English Vita otome games: a guide

In the years since Hakuoki: Demon of the Fleeting Blossom made its English debut in 2012, otome games have enjoyed a surge of popularity worldwide. The genre went from an unknown to one that received multiple releases on various platforms each year. Sony handhelds have long been a haven for such titles, with people who own a Vita enjoying the fruits of this bevy of releases.

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Nintendo Switch rhythm games: a guide

In many cases, it can take years for a system to accumulate a respectable library of rhythm games. Nintendo’s Switch is not in one of those situations. The system is nearing the end of its first year, and it already has a more than adequate array of available and upcoming games where music is the primary focus.

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What’s up with Ruby Party?

Otome games are only just starting to find their place worldwide, but these dating sims for women have been around for quite some time in Japan. If you start enjoying these titles, you will eventually find yourself hearing about Ruby Party. You may even hear laments about how no Ruby Party games have been localized yet! Who is this developer? Why should you care about its titles? Let’s learn a little more about this studio!

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Preparing for Utano Princesama: Shining Live

Big news in the world of otome games that also happen to have a musical side to them! One is actually receiving a worldwide release! Unfortunately, this is not a story following up on an unexpected La Corda d’Oro localization. Rather, an Uta no Prince-sama mobile game will be released on Android and iOS devices in English about a year after its Japanese debut. This is great news, right? Well, I certainly think it is and am here to tell you why.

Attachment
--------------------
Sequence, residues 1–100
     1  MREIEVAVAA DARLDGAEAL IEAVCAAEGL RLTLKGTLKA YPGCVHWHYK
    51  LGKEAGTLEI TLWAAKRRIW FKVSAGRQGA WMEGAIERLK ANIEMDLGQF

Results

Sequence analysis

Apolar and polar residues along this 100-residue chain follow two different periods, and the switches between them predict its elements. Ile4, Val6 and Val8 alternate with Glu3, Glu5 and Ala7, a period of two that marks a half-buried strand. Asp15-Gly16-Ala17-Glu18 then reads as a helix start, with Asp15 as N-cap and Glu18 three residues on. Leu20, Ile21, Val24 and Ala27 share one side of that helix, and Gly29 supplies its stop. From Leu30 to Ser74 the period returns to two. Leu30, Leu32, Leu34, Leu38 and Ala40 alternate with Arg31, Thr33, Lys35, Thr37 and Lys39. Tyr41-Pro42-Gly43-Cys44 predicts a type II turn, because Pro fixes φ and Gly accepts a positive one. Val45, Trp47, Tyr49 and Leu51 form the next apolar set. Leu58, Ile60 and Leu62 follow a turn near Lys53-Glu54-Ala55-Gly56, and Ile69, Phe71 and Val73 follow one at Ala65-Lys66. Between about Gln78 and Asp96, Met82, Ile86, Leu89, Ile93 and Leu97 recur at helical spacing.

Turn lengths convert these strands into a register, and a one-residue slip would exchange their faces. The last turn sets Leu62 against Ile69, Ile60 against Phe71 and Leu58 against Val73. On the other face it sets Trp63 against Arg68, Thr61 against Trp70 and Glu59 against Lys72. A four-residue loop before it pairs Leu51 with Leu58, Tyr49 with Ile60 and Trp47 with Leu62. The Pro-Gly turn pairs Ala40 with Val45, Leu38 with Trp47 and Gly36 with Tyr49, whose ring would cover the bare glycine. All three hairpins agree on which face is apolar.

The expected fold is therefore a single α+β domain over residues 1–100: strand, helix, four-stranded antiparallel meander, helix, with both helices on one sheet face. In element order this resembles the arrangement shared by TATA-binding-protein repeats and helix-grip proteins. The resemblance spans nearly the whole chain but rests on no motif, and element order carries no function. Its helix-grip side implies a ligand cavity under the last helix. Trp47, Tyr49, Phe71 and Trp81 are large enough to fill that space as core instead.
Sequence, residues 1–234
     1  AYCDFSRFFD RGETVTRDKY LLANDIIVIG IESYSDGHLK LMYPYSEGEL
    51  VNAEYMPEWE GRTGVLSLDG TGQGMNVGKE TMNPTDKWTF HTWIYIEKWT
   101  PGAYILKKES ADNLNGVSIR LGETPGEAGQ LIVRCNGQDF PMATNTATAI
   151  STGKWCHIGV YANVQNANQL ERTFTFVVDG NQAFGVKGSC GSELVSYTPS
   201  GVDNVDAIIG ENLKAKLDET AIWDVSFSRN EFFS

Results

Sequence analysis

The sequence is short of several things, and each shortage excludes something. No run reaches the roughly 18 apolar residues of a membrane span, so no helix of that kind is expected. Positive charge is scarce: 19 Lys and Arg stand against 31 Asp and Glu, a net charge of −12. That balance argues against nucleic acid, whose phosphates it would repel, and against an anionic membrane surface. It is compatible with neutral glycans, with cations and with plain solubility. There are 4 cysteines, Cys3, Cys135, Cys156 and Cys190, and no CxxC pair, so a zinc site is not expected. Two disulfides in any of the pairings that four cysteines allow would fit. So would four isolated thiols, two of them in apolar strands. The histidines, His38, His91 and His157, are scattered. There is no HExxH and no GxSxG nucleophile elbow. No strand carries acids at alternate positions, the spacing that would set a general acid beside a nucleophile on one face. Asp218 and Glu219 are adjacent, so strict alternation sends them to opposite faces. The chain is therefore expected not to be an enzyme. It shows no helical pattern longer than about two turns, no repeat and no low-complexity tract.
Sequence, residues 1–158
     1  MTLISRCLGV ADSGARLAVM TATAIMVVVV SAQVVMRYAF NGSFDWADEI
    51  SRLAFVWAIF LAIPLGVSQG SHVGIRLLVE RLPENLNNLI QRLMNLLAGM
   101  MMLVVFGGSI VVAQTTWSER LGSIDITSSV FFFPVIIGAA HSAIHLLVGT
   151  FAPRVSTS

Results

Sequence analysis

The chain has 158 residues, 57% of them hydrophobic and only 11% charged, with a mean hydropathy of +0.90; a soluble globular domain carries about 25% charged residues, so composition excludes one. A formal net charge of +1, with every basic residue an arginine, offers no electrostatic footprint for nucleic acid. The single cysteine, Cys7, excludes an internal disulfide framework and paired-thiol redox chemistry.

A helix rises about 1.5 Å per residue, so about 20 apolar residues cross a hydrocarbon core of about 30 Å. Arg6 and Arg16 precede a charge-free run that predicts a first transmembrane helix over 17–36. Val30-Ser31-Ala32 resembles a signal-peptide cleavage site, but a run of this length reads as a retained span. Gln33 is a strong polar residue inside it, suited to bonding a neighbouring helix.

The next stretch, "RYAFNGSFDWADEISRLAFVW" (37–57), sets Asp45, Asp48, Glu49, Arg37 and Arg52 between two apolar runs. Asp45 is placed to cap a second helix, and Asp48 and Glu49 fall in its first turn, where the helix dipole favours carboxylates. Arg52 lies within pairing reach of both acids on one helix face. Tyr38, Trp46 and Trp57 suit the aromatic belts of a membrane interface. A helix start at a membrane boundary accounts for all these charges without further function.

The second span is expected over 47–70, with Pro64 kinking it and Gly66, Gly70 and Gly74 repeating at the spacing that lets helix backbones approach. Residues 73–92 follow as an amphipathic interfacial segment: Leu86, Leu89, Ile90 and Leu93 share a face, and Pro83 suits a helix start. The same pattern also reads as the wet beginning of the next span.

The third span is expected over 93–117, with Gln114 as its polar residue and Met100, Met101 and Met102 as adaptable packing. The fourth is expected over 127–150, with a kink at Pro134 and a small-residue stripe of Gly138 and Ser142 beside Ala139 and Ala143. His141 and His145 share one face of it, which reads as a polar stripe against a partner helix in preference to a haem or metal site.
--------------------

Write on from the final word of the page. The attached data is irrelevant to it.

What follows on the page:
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Sega Dreamcast imports guide: The best Japan-only games to play

For a less-successful-than-hoped system approaching two decades of existence, the Dreamcast holds an impressive library of games that just haven’t seen proper follow-ups, and that holds true with the unlocalized segment of its library. The end of the road for Sega’s hardware development was full of both special novelties and Japan-only genre specialties, and the system’s arcade-like approach means a lot of it’s totally playable for Western audiences. Here’s what you shouldn’t miss!

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What do you need to know about Lufia?

Sometimes, RPG series people love are lost to the sands of time. The developers that made them go out of business, other companies decide they are not profitable and age leads to them not getting a digital rerelease via a platform like the Virtual Console. Lufia is one of these series. But, while it is difficult to accumulate a complete collection of these games and get into them now, it is not impossible and many installments are worth your time.

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